Morwitz was the son of a wealthy merchant. He studied Semitic languages, Oriental literature, philosophy, theology, and finally medicine at the universities of Halle, Leipzig, and Berlin. In 1841, he received the degree of M.D. from Berlin and was made first assistant of the Hufeland Clinic there. In 1843, Morwitz made a tour of parts of Germany, France, and Switzerland. On returning to Prussia, he took up his residence in the town of Conitz, where he practised his profession and his specialty in the treatment of nervous and mental disorders. So successful he was at Conitz that he also started and supported a hospital there for the poor. He began writing his Geschichte der Medicin (History of Medicine).
His attention to medicine was interrupted by the Revolutions of 1848, when he favored the revolutionaries. His opinions were well known and won him friends, but also enemies. On a certain occasion his carriage was overturned by a group of royalists, and he met with severe injuries, from which, however, he gradually recovered. However, he felt obliged to emigrate.
He had invented a breech-loading gun. Finding no market for this patent in Germany, in 1850 he visited England and the United States, but without success. He soon returned to Europe, but having determined to settle in America, again returned to the United States and settled in Philadelphia in 1852.
In 1853 he purchased the German-language newspaper Demokrat which was long edited and published by him. In his conduct of this daily, Morwitz advocated measures for the improvement of the city, among them the consolidation of its different sections under a single mayor. In 1855, he began the publication of a political weekly called Vereinigte Staaten Zeitung (United States Journal), the influence of which was felt in the election of Richard Vaux as Mayor of Philadelphia in 1856. In the same year, Morwitz started a Sunday paper Die Neue Welt (The New World), which took the place of a Sunday edition of the Demokrat.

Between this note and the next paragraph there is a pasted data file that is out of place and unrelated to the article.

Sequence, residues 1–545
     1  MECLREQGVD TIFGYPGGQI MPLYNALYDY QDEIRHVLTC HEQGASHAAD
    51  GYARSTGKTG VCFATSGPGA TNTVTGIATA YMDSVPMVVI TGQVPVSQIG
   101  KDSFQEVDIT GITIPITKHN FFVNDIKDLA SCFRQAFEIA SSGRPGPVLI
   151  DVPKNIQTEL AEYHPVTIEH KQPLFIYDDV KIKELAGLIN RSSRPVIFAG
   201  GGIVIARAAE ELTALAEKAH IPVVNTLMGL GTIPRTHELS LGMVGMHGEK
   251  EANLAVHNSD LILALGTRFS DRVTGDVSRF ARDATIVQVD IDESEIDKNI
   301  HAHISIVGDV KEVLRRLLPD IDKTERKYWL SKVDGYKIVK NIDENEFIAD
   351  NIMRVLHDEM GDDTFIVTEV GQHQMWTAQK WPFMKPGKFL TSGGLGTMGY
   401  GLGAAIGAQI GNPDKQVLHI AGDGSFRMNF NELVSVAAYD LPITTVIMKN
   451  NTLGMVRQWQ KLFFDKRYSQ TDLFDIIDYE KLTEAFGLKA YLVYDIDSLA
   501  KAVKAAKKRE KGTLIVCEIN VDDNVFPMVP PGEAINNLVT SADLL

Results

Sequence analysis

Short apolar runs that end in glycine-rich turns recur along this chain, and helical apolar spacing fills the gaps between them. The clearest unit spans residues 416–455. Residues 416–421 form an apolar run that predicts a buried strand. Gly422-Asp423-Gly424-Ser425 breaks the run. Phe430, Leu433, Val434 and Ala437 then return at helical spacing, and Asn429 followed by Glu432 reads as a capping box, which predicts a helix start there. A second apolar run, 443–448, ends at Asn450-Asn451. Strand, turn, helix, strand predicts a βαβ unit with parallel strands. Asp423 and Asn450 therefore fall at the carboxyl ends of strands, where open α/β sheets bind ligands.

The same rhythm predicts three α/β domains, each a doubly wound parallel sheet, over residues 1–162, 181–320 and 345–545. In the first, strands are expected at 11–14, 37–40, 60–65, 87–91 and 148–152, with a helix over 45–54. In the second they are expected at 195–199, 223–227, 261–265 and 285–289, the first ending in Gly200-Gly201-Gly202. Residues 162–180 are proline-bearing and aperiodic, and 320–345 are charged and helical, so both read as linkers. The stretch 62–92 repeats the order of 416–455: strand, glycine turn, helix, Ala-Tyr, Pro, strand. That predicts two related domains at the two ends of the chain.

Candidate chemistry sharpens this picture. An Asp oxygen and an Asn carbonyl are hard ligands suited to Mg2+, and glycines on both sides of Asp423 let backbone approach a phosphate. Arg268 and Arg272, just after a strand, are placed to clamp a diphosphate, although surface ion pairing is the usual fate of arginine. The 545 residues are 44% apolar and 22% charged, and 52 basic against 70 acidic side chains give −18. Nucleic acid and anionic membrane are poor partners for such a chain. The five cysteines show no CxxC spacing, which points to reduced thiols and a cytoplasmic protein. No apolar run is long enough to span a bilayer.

In politics Moritz was an active Democrat, and advocated the election of James Buchanan as President of the United States in 1856. For a few years, he freely ventilated his political views in a paper he had purchased, called the Pennsylvanian. This he sold in 1860, when he recognized dangers arising from the separate nominations of Stephen A. Douglas and John C. Breckinridge as candidates for the presidency. He confined his efforts to the Demokrat, which, thereafter, adopted a neutral policy. He also opened a German dispensary, which, for quite a period, continued its operations among the sick poor.
While, at first, he thought the Civil War might be averted, Morwitz remained loyal to the Union, and helped to organize and equip regiments sent to the field. In 1862 he was active in establishing the German Press Association of Pennsylvania. In 1870 he called a meeting to raise funds for assisting German soldiers during the Franco-Prussian War. About $600,000 was raised throughout the country and sent to Germany. In 1874, Morwitz purchased the Age, a daily newspaper of Philadelphia published in the English language; but in 1875 he sold it to the Times Publishing Company. He controlled many German-language and English-language newspapers in several states, having under his management at one time as many as 300 papers, among them eight dailies.
Morwitz published numerous books, among them:History of Medicine (Leipzig, 1845)
German-American Dictionary (Philadelphia, 1882) at Google Books